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A.G. Underwood: "We will sue to block the Clean Power Plan replacement if it's adopted."

PRESS RELEASE

NEW YORK, N.Y. -- Attorney General Barbara D. Underwood released the following statement in response to the Trump administration's proposed plan to dismantle the Clean Power Plan, the first-ever national limits on climate change emissions from existing fossil-fuel power plants:

"As we face another record-breaking year of punishing heat and violent storms, the Trump administration is seeking to gut crucial limits on emissions of climate change pollution from power plants – one of its largest sources. 

"'Climate change is real, no matter how much this administration tries to deny it. We need strong, immediate action to drastically cut climate change pollution and promote affordable, clean, and sustainable energy — not foot dragging and backtracking that seeks to prop up dirty, expensive power plants.

"If the Trump administration's proposal to dismantle the Clean Power Plan is adopted, we will work with our state and local partners to file suit to block it – in order to protect New Yorkers, and all Americans, from the increasingly devastating impacts of climate change."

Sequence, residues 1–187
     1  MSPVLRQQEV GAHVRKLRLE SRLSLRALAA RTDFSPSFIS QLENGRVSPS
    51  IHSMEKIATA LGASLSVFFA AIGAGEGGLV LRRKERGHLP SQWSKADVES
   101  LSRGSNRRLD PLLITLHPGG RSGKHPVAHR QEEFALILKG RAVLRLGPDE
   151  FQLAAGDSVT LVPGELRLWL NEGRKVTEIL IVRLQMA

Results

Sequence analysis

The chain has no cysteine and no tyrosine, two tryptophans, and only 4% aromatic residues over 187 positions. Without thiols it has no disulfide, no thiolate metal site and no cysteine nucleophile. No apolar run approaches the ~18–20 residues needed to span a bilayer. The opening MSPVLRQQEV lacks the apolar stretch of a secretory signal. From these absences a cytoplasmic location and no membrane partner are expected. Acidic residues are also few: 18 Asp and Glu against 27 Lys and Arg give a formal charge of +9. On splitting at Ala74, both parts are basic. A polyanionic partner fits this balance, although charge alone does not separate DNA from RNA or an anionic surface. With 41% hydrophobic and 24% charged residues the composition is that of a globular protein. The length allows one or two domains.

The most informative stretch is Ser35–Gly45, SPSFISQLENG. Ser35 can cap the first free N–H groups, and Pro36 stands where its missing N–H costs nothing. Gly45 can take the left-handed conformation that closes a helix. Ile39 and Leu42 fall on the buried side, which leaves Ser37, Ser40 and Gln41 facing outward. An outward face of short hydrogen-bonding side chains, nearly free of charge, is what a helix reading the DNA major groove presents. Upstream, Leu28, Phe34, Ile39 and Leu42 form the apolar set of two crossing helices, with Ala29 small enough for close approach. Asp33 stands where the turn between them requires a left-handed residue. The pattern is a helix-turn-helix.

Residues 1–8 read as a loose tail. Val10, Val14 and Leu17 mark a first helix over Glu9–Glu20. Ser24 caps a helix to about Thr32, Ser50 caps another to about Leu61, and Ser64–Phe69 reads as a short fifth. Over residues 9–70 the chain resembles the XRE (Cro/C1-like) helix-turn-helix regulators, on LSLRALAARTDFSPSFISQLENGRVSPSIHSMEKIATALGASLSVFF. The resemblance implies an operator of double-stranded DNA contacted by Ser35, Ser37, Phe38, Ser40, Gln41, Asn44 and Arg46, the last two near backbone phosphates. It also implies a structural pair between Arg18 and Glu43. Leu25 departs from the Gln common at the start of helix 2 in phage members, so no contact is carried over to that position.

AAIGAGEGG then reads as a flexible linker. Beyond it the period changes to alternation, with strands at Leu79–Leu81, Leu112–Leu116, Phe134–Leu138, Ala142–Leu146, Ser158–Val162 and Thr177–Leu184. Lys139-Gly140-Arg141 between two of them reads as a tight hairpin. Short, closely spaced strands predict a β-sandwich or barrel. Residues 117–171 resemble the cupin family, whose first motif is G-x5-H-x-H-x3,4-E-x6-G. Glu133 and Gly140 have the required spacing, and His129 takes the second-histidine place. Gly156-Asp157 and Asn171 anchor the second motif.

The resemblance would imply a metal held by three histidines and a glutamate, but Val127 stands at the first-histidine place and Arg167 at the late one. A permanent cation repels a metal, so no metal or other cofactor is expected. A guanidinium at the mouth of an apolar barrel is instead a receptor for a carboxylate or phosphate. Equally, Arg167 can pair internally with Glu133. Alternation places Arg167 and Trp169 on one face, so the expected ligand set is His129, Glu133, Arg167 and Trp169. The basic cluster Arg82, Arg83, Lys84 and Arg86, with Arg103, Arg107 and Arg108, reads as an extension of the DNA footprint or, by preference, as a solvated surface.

New York is leading a coalition in defense of the Clean Power Plan that includes California, Connecticut, Delaware, Hawaii, Illinois, Iowa, Maine, Maryland, Massachusetts, Minnesota, New Mexico, Oregon, Rhode Island, Vermont, Virginia, Washington, the District of Columbia, New York City (NY), Broward County (FL), Boulder (CO), Chicago (IL), Philadelphia (PA), and South Miami (FL). The states of North Carolina and Pennsylvania and the City of Los Angeles also joined in comments the coalition filed in April opposing repeal of the Clean Power Plan.

The Clean Power Plan is the culmination of a decade-long effort by partnering states and cities to require mandatory cuts in the emissions of climate change pollution from fossil fuel-burning power plants under the Clean Air Act. The Clean Power Plan, along with the companion rule applicable to new, modified, and reconstructed power plants, would control these emissions by setting limits on the amount of climate change pollution that power plants can emit. The Clean Power Plan would eliminate as much climate change pollution as is emitted by more than 160 million cars a year – or 70 percent of the nation's passenger cars.